Medicaid buy-in builds on existing models to give more people basic healthcare; in almost all states, there’s already a Medicaid buy-in program for disabled people who work and would otherwise make too much money to qualify. The peer-reviewed Health Affairs journal noted just how much variation exists between state reform efforts that might broadly be categorized as either “single-payer” or “Medicaid buy-in.” In Nevada, for instance, lawmakers passed a bill last year to compel the state to use federal Medicaid reimbursement funds in order to contract with private insurers to offer a commercial insurance plan open to a larger swathe of the public. The governor vetoed it, but the policy effort was an example of how states might redirect federal subsidies made available through Medicaid in order to prop up new public health options.
“You can support healthcare for everyone in a variety of ways,” says Deb Haaland, a Democrat and the favored candidate for the House seat that will be vacated by US Rep. Michelle Lujan Grisham (who also introduced a Medicaid buy-in bill). Haaland, who is campaigning on a promise to support Medicare for All, tells CJR that she doesn’t see a contradiction between championing this more expansive idea while also supporting state and federal legislation for a Medicaid buy-in program, a refrain repeated by other candidates across the country. Asked whether she has investigated other healthcare reform proposals such as Medicare X, which would expand Medicare as an option to everybody by 2023 but would not create a path to single-payer, Haaland says she hasn’t, but would educate herself on such plans “by the time I get to Congress, if I am fortunate enough to win my election on November 6.” If Haaland wins, journalists should compare her actual voting record on healthcare with her campaign promise, and residents can use that information to act accordingly.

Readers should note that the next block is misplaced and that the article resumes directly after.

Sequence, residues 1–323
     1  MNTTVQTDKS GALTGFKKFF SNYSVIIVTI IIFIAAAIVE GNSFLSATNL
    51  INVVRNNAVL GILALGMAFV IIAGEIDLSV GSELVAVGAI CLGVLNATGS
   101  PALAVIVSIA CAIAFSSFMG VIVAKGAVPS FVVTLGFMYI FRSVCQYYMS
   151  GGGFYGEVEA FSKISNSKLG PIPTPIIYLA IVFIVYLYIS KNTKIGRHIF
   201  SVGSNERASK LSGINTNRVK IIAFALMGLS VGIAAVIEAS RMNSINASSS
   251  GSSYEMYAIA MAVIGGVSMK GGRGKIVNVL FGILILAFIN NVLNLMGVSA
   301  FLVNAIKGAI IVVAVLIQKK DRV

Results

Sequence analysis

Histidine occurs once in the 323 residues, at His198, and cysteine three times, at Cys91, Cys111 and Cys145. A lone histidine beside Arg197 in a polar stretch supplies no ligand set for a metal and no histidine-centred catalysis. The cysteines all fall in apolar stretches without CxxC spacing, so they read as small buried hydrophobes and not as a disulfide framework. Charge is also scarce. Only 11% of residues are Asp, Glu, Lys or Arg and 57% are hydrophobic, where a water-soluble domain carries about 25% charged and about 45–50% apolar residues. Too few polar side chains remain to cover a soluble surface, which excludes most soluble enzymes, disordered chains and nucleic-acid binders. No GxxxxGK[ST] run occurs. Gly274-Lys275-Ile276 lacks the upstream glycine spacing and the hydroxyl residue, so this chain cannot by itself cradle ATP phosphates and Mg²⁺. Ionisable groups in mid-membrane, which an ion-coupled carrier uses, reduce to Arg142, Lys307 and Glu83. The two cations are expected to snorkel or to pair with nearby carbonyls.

Reporters should press candidates, in New Mexico and beyond, to articulate clear positions on healthcare reform. In September, the National Republican Campaign Committee launched a misleading ad attacking Second Congressional District candidate Xochitl Torres Small, a Democrat, as a supporter of a Medicare for All plan. Similar NRCC ads targeted a number of Democratic congressional candidates; a fact-check by The Washington Post noted outstanding “questions and uncertainties” about Sanders’ Medicare for All plan, and observed that the ads “tar every Democrat with the Sanders brush if they so much as hinted at being open to the single-payer option.”
Small doesn’t support Medicare for All. However, she hasn’t made it clear what, if any, major health reform she does support. A statement from her campaign to the Post said that Small “is committed to fixing the ACA, lowering healthcare costs, improving accessibility for rural areas and protecting Medicare,” but that response leaves room for journalists to push for specifics to the benefit of New Mexico voters.
Clarity on candidate health-reform positions won’t necessarily prevent political opponents from characterizing their positions in bad faith. In an op-ed for USA Today, President Trump accused a majority of Democrats in the House and 15 in the Senate of wanting to “outlaw private insurance” and “end Medicare as we know it”—misleading attacks that resemble the ad against Small. With Trump in office, any bill to expand America’s health system likely won’t be signed by a sitting president until at least 2020. But people in New Mexico deserve robust access to all dimensions of the policy discussion now, regardless of how the political winds change.
ICYMI: Black women, the ‘pink wave,’ and harbingers of our political future